"On the basis of the information gleaned so far, Grand Central does not believe that a ban on steam traction is proportionate. The most important thing is to ensure that the unusual combination of circumstances that were at the root of the fire loss, do not happen again, irrespective of loco or operator. We have an expectation that any type of train on the network should be safe and reliable irrespective of who owns it or operates it; whether the train is steam, diesel or electric is irrelevant. Additionally we expect events of disruption to be managed by Network Rail as effectively and appropriately as possible."
Privatisation brought Open Access operators to the railways and so long as the operation was safe and the bills paid, the train ran if there was a path for it. The ORR would not agree a ban on commercial grounds as NR has done.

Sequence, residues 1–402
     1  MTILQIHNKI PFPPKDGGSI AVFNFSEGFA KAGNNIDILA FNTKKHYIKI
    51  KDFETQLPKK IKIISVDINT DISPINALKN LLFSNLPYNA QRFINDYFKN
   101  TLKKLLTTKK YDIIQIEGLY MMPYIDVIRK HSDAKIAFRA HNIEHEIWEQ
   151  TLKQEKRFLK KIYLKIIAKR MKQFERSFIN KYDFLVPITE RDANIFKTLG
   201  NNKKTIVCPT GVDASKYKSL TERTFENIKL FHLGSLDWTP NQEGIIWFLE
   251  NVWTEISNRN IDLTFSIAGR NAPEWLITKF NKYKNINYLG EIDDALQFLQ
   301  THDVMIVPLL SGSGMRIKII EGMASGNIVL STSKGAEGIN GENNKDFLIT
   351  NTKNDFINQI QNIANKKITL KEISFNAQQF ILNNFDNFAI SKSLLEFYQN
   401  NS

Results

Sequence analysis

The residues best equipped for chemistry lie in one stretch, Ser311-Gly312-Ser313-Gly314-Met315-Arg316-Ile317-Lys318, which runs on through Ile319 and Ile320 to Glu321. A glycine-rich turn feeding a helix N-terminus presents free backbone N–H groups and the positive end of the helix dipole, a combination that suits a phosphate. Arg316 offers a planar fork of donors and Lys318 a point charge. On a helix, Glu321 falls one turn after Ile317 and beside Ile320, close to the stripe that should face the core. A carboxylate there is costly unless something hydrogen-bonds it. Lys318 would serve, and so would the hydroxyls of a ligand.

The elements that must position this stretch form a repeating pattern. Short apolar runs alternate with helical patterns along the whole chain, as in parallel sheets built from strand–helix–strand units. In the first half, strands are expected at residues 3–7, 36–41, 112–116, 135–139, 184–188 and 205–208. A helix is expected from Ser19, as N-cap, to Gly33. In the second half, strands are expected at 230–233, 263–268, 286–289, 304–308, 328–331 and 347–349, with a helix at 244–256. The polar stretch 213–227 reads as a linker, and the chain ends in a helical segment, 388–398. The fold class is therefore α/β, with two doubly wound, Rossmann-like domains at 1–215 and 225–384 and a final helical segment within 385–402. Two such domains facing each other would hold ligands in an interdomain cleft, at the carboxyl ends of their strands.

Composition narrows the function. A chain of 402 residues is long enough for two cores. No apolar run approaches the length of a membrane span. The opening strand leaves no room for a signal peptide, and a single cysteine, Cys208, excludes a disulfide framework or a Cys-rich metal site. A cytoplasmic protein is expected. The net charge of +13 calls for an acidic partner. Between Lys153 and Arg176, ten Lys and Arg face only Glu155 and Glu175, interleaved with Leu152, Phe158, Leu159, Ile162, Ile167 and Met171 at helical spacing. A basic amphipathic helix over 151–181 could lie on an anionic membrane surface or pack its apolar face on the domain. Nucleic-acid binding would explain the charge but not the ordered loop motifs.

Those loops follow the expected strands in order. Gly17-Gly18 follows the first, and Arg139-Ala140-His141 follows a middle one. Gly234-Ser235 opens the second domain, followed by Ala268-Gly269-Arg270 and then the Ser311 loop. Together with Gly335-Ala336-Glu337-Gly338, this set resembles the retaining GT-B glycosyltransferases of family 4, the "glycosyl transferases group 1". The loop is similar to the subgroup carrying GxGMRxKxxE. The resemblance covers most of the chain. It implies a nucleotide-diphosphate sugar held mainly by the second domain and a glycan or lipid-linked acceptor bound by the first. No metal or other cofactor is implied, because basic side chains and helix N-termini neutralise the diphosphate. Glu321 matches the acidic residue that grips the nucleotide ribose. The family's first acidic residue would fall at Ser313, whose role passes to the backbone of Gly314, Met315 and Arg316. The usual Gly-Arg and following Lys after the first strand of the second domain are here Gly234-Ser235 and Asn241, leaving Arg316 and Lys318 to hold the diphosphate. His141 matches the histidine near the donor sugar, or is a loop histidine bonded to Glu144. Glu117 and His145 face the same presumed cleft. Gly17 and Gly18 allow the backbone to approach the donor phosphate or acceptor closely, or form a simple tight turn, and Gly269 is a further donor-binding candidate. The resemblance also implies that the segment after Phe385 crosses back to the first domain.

The ban means that the ‘A1’ built just three years ago, No. 60163 Tornado only operated by DB Shenker has been included in the ban and has pulled the Royal Train on a weekday from York so would a repeat service now be impossible?
A Class 90 electric loco No. 90042 caught fire near Wolverton on August 30 on freight train to Felixstowe train and closed the WCML for four hours causing thousands of minutes delay. One steam promoter asked “Why were all electric locomotives not banned on weekdays from running on the WCML after this incident?” NR imposed the ban because the ECML has the worst performing statistics of any major route in the UK.
ECT will collect the delay compensation from NR, maybe hundreds of thousands of pounds, but did they pass this on to their passengers? Their staff handed out letters to passengers at Kings Cross in the evening suggesting their services were disrupted due to a steam incident, but there was no mention of their two serious train failures.
The taxpayer owned LNER ‘A3’ No. 4472 Flying Scotsman returns to steam next Spring and now looks to be banned for five days a week on its old route. What the Covenanters who donated millions of pounds along with the Heritage Lottery Fund think about this can only be imagined.